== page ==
We know how much traumas inherited from the Afghan war and the first Chechen war, as well as everyday violence inside the Russian army, even in peacetime, have shaped generations of Russian men. One can then only presume how the current war, of a totally different scale, will reverberate on Russian society once it is over. This will include influence from not only a few thousand Wagner ex-prisoners who will access freedom if they survive the front, but, more importantly, hundreds of demobilized men with post-traumatic stress. Many of them will be unable to go back to civilian life, therefore creating the pool of a whole generation of men likely to be waiting for more military/mercenary engagement.
While it is exceptionally difficult in the current situation to predict the future, we can sketch out three possible scenarios.
First, there is the scenario of an intra-elite open fight, which could lead to a civil war-type of evolution. Recent speculation around Prigozhin’s publicized criticism of Defense Minister Sergei Shoigu and the army, and Duma Chairman Vyacheslav Volodin supporting Prigozhin’s proposal to protect Wagner’s volunteers from criticism for their criminal pasts, feed this interpretation. This indeed signals division among elites in relation to the rise of power of a paramilitary leader strongly disliked by both the ministries of Defense and Interior. The recent presumed poisoning of Kadyrov could have also been an attempt to clip his wings and prevent his accumulation of power sufficiently to challenge federal authorities.
Other pathways to civil war include an improbable collapse of central authority and a commitment by the inner circle to fight over the spoils—something made more plausible by the absence of clear succession rules. In either case, should force become the arbiter of the Russian regime’s future, then access to and influence over paramilitary groups, both in the center and in regions, could well be an important resource in determining the victor. The growth of regional militia movements could also provide a powerful fillip for the emergence of nationalist, potentially secessionist movements in the North Caucasus, the Volga, and Siberia.
Another scenario that could develop is that of a full-scale military dictatorship, with Putin still in power or after his departure. While Russia has no tradition of military coups, the war could potentially change that tradition. Under this scenario, paramilitary groups aligned with particular individuals become useful to the regime (we can, for instance, read Prigozhin’s rise to power as part of a coherent strategy and not a loss of control) and a means of securing politicians’ tenure as well as of monitoring sentiment among the population and enforcing an official ideology.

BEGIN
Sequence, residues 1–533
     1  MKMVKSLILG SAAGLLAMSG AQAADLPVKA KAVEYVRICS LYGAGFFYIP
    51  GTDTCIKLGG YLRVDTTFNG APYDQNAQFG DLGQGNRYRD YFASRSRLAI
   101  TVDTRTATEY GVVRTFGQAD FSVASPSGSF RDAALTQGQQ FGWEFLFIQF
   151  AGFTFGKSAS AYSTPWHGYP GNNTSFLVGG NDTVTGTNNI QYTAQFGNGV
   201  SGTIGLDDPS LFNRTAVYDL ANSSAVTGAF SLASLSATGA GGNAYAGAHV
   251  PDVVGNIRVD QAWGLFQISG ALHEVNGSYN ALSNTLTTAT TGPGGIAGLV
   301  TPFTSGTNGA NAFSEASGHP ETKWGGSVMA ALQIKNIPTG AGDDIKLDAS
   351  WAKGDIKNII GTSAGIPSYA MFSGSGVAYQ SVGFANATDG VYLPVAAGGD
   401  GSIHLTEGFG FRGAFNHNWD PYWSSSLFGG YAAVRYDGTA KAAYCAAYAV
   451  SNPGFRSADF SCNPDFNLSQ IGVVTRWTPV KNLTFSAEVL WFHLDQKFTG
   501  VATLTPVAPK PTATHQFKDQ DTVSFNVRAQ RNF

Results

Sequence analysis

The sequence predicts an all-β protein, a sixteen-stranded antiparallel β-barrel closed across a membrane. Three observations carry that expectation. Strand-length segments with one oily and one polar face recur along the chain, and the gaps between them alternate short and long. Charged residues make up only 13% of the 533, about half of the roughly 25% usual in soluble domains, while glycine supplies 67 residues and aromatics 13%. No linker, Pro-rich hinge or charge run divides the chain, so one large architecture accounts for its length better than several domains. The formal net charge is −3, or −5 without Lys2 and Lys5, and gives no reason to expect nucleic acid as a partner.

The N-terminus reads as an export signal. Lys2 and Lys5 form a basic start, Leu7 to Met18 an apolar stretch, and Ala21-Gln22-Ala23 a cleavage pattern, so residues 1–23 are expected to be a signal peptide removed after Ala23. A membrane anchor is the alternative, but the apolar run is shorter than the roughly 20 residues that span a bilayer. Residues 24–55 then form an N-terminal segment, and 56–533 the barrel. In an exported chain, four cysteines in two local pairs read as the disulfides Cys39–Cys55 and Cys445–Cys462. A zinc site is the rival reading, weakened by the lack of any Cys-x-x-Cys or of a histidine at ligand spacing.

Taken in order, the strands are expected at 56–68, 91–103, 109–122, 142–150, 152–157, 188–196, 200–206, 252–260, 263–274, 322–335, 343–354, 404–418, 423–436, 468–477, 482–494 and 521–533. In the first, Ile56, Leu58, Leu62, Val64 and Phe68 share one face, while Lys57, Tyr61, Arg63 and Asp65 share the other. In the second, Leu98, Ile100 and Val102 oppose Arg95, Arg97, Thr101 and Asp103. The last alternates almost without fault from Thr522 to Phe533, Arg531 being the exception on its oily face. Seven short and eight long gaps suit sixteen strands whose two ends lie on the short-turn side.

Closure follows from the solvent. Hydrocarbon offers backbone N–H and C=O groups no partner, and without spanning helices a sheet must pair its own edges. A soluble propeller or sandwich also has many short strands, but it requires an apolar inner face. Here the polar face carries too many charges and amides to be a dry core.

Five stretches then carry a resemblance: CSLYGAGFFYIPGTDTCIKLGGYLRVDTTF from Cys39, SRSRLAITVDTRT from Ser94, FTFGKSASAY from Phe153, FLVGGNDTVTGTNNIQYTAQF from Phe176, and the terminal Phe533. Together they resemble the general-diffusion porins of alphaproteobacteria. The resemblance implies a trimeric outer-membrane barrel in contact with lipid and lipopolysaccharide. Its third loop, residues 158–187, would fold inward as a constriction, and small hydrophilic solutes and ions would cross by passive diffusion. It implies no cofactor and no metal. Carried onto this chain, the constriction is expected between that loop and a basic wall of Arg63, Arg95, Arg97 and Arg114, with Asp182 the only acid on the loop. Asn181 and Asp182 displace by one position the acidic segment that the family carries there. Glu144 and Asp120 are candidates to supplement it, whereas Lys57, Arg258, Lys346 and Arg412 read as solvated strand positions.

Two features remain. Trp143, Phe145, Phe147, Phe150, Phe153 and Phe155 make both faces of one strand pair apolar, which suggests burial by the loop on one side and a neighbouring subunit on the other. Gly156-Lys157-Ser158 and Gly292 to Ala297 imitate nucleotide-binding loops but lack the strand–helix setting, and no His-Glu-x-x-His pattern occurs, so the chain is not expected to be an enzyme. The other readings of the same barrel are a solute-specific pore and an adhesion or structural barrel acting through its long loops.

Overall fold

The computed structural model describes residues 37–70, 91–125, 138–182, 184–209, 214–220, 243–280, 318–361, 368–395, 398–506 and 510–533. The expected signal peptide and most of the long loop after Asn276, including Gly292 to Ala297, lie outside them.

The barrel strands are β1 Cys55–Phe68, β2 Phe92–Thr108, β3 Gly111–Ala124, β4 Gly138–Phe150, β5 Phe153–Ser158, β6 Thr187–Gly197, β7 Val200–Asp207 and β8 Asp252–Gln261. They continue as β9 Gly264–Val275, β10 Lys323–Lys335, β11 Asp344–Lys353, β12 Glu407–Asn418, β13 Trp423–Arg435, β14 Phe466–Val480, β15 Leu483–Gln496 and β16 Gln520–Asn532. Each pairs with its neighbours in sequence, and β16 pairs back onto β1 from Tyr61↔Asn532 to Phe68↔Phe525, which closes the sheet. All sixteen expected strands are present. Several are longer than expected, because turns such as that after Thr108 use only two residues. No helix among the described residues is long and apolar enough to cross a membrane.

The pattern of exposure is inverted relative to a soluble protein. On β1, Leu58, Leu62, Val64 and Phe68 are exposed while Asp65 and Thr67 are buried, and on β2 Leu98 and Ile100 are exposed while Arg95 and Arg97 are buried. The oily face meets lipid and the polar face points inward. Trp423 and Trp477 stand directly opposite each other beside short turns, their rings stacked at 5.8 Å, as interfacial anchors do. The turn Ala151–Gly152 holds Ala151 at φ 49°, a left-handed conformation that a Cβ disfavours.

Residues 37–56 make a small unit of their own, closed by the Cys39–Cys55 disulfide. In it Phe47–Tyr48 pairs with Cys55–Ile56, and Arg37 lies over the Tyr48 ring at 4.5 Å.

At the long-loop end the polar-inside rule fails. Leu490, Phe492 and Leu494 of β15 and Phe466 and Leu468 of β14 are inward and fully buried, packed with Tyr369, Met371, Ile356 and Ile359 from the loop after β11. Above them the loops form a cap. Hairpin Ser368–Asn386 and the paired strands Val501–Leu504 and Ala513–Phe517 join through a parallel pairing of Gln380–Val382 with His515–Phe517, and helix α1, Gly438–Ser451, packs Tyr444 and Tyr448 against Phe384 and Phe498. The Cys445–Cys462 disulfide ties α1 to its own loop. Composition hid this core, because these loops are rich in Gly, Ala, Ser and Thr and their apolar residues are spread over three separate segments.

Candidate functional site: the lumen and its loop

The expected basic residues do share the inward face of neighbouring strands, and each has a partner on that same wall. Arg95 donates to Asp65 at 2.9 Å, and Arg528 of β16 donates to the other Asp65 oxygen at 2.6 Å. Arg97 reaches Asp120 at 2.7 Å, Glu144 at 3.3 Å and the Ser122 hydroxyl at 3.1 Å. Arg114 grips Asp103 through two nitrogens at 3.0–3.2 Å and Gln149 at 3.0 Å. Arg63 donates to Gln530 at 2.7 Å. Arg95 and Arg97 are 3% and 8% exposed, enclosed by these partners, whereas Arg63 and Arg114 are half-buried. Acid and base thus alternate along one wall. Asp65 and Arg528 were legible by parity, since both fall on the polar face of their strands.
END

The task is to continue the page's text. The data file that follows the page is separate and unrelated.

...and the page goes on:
Third, perhaps the most likely scenario is that the current regime continues to limp on out of lack of alternatives. Though bereft of legitimacy, it will increasingly be forced to rely on social bases of support, such as patriotic indoctrination by paramilitary gangs. Such a scenario would not represent a stable equilibrium, however, but would fit with the regime’s ad hoc functioning. The Russian regime would remain in a “business as usual” scenario with an increased militia culture. A closely related scenario is the maturation of nascent Russian fascism. The growth of paramilitary/militia subculture in Russia was the single dimension under which pre-2022 war Russia could be genuinely defined as fascist. For both the military dictatorship and fascist scenarios, paramilitaries could be used to secure the regime by preventing the accumulation of power in other institutions. A Russian “night of long knives” similar to Hitler’s 1934 purging of the Rohm faction in the Nazi party would be foreseeable.
While these scenarios remain speculative, there is one development that seems certain. However the war ends, the return of hundreds of thousands of men for whom war is no longer an abstract concept but an immediate reality to their communities will likely see the further brutalization of Russian society. The number of killings has risen in 2022 for the first time in the last two decades. Especially if sanctions are still in place and the Russian economy is unable to find support elsewhere, the same forces that drove Russian men to initiate paramilitary movements will intensify, and elites engaged in infighting will make use of them for their own internal games. Psychologically scarred individuals with little to no job prospects, but training in violence, may well read the signs given to them by the universe and extend Russia’s culture of paramilitary gangs and mercenaries.
Marlene Laruelle is Research Professor of International Affairs and Director of the Institute for European, Russian, and Eurasian Studies (IERES) at the George Washington University.
Richard Arnold is Associate Professor of Political Science at Muskingum University.